5 Things You Should Have in Your Designer Portfolio

Posted on November 17, 2015 | Updated on December 19, 2020


In order to present yourself as the professional you are and gain new clients, you’ll need to have a clean, unique designer portfolio.

Your portfolio needs to include items that demonstrate your skills and your ability as a designer. To convince potential clients that you’re the right fit, your portfolio must showcase a wide variety: different styles of writing or variations on designs will land you an equally varied selection of clients.

Here, we’ll take a look at the five portfolio elements that you’ll need to polish in order to present yourself as a professional who can take on any project with future clients.

1. Bio

Include a bio page that outlines your education, experience and specialty areas. Say someone is looking for a designer that has experience in logos and you’ve created logos for two major corporations: Reading that you have worked on these big company logos will capture that potential client’s interest.

2. Design Samples

This is your chance to showcase your very best work. You’ll want to include not only samples, but a variety of sample types. Include a website you designed, an ad you worked on and a logo.

If you are just getting started, offer your services for free to local businesses so you have some samples to showcase. You may even get referrals to other businesses from those companies.

Make sure you only include your very best samples. Remember that you are trying to make a quick impression on potential clients. Only presenting your very best work paints a picture of your worth as a professional designer. You want the client to think, “I love this work. I want it for myself.”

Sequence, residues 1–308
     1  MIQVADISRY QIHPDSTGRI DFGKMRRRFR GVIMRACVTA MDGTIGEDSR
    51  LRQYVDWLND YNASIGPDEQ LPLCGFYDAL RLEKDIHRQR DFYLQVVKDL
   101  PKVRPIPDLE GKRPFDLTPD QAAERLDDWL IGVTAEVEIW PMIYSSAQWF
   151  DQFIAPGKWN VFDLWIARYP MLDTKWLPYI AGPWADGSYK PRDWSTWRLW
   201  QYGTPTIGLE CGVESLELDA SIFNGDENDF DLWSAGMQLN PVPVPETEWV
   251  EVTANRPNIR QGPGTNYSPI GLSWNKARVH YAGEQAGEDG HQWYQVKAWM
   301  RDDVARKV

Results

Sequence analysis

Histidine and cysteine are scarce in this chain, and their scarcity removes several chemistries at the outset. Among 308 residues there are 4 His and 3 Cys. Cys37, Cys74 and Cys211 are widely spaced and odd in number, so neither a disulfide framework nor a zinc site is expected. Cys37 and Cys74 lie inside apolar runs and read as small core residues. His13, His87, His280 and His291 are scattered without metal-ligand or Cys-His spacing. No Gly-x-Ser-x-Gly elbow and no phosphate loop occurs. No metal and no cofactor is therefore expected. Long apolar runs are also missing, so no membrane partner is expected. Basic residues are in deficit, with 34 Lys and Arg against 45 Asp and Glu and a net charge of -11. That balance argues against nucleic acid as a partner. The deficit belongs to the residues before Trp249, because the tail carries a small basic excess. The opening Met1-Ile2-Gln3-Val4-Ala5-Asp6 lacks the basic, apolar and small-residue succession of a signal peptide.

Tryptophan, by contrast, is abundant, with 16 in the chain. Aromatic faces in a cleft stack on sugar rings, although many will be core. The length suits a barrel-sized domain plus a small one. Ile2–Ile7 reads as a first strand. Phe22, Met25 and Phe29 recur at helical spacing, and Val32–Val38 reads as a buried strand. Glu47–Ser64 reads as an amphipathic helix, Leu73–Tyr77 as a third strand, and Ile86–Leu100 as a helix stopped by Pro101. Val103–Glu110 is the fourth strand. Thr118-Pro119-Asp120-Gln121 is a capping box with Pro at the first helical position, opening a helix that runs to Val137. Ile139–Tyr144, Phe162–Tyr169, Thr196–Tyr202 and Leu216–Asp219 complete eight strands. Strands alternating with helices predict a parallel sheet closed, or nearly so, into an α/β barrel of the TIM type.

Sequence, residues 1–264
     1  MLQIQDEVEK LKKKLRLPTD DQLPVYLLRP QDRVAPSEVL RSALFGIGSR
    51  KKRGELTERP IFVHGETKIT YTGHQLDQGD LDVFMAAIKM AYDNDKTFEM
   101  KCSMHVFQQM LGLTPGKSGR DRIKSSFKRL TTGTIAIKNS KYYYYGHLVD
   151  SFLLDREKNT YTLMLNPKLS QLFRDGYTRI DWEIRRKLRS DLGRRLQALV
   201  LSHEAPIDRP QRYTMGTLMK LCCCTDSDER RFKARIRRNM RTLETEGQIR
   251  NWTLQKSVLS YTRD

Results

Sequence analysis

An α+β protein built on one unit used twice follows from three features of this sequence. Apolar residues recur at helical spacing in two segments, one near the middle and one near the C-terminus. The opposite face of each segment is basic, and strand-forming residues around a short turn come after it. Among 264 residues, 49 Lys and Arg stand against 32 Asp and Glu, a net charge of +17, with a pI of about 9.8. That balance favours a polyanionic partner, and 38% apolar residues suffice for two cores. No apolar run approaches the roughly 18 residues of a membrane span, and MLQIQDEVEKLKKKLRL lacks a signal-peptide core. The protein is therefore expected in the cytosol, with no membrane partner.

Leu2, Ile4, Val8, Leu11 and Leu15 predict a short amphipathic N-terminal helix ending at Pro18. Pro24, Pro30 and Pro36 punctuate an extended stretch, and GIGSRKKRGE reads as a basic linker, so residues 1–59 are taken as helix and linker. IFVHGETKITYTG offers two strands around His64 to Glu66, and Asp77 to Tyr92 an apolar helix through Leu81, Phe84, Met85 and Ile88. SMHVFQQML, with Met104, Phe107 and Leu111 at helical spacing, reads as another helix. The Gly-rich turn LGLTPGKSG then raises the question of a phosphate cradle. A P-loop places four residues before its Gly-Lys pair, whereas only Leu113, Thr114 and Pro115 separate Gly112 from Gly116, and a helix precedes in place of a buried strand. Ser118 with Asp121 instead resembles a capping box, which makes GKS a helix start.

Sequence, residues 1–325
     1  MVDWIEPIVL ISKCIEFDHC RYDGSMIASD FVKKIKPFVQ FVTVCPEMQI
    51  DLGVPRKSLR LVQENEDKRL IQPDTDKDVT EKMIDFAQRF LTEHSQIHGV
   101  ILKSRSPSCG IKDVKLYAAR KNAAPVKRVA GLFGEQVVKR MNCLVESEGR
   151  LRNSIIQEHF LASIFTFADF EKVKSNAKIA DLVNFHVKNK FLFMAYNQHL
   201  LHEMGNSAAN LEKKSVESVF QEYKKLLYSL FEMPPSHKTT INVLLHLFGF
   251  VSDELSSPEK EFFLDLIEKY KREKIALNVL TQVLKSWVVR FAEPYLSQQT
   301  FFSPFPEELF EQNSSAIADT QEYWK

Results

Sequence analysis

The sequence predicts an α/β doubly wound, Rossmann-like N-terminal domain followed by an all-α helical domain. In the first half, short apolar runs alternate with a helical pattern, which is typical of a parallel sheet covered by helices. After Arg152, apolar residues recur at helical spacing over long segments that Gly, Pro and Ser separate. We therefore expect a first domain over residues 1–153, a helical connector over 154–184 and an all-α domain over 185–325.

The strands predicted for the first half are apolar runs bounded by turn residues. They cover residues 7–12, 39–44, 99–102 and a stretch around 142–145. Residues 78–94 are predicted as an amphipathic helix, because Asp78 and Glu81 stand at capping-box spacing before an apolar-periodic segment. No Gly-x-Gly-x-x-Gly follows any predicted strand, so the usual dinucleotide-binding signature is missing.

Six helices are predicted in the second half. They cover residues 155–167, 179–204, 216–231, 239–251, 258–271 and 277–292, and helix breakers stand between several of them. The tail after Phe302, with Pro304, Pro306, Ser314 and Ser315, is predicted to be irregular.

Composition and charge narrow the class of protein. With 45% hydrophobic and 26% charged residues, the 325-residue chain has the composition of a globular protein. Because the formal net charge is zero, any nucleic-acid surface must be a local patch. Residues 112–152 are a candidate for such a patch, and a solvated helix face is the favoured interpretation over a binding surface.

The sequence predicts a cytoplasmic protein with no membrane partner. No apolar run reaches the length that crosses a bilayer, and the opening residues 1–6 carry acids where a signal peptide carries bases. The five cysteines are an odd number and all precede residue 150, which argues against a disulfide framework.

3. Extra Copies

If you’re presenting the portfolio in print format rather than electronic, you’ll want to include an extra copy of your bio and a couple of samples. This will allow you to leave that material with the decision maker. When he is making a final decision on who to hire, he can easily refer back to those sheets and remember your work.

4. Case Study

Many experts advise including a case study that is specific to the business you’re trying to sell your services to. This case study would include specific statistics on the company’s target demographic and perhaps a look at the closest competition and what they’re doing that the company can do better.

5. Editing

One element of utmost importance in creating a portfolio is to ensure it is professionally edited. Even if you are excellent at grammar, it is very difficult for one person to catch every spelling error and typo. Pay a professional editor to go over your portfolio and make sure it is perfect so you make the right impression.

Most portfolios are between five and 20 pages in length. If yours is not at least five pages long, use the tips above.

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About The Author

Eleanor Hecks is the Editor-in-Chief of Designerly Magazine, an online publication dedicated to providing in-depth content from the design and marketing industries. When she's not designing or writing code, you can find her exploring the outdoors with her husband and dog in their RV, burning calories at a local Zumba class, or curled up with a good book with her cats Gem and Cali.

You can find more of Eleanor's work at www.eleanorhecks.com.

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